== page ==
The child watches and participates in intimate colonial dynamics of power, which the characters cannot escape. France’s father, Marc, is a benevolent and often self-aware colonial administrator who nonetheless does not hesitate to use his power; often absent, he is relegated to the periphery of the film, his authority decentralised. His wife, Aimée, and her relationship with the black servant, Protée, is more central to the film. Indeed, Denis has said that she was particularly interested in wives of colonial administrators, who ‘found themselves in incredibly violent situations’ (Strauss 1990: 32, my translation). Simultaneously dependent and authoritarian, Aimée at some point desires Protée, yet this (stereotypical) narrative is not allowed to play out: Protée refuses. While more transgressive of rules, the child also enters these dynamics of power: on the one hand she is very close to Protée, for instance able to find the answer to his riddles, or eating the ant-covered bread he prepares for her; on the other hand she easily learns to order him around (as when she orders him to return home, or when she orders him to eat her soup). He is her mentor, yet she infantilises him.
The people from the plane, stranded at the Dalens’ house, may seem more problematically colonialist, yet there is a continuum between them and the Dalenses (Mayne 2005: 39). For instance Luc may want to disturb the colonial order when he works with the black men, and yet he asserts it very forcefully when he aggresses Protée verbally and physically, or when he does not respect the latter’s space by using his shower. Likewise, Aimée bans Protée from the house after he rebukes her sexual advance. And Delpich hides his African mistress while engaging in some of the film’s most racist behaviour.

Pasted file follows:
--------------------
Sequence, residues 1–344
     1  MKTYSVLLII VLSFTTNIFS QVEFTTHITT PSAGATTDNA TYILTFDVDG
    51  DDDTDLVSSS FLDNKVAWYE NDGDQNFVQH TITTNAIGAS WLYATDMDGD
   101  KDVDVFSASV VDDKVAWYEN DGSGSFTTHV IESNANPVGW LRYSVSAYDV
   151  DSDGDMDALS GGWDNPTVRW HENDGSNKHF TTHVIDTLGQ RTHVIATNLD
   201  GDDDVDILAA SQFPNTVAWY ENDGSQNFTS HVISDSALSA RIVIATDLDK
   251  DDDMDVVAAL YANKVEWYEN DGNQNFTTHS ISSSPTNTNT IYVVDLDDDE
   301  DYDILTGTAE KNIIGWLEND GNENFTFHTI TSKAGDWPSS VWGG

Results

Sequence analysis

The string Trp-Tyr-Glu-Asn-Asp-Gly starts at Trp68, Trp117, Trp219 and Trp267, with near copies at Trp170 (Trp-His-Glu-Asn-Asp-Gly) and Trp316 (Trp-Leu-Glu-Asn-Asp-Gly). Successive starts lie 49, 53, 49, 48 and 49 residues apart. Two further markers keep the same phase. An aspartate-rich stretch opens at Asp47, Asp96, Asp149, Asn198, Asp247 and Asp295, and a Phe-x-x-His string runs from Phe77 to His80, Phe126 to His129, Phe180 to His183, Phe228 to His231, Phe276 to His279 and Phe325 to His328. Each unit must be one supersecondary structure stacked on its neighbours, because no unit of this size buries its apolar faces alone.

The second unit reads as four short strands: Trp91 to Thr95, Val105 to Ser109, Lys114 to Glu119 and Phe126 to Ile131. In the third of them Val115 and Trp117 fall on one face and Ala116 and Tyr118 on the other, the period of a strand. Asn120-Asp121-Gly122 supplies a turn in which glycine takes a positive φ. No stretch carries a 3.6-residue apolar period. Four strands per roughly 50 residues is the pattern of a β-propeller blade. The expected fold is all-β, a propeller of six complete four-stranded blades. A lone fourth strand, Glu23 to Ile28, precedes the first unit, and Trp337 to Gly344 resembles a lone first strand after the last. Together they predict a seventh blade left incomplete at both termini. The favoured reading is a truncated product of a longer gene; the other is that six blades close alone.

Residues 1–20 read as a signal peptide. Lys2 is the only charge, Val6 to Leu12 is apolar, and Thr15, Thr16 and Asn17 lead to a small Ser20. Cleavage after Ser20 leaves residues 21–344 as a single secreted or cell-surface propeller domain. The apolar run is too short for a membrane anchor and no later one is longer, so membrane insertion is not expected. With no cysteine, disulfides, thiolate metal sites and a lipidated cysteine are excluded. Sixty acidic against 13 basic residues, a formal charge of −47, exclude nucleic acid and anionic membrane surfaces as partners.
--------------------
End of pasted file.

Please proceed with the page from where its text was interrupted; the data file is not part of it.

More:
While many black characters (and many African actors) populate the scenes and have social spaces of their own, the camera, the film and thus the spectator have less access to them. We visit some of their gathering spaces, usually following France, yet remain at a distance. We see one female servant look into the house and, together with France, make fun of Jonathan Boothby. The best-known African character is certainly house servant Protée, played by French-Ivoirien actor Isaach de Bankolé, in a crucial but, to a significant degree, silent role. Nonetheless, he gets quite a lot of reaction shots. He has the local school teacher write a letter to his parents, though he tells France that it was for his fiancée. His humiliation at the intrusion of his private space is obvious and most visible when Aimée and France almost surprise him in the servants’ shower. Like other Africans, we can occasionally hear him talk in a local, untranslated language. In the film’s final scene, in the framing narrative, one of the three workers at the airport is played by de Bankolé, but the film refuses to establish a clearer connection between Protée in the 1950s and the airport worker in the 1980s. It is symptomatic that Protée speaks in riddles: like African culture more generally, he remains opaque, not entirely accessible to France or the spectator. In a crucial moment, the father tells the child what the horizon is: ‘the closer you get to that line, the farther it moves’. It seems an appropriate metaphor for the colonialists’ as well as the spectators’ encounter with Africa and Africans.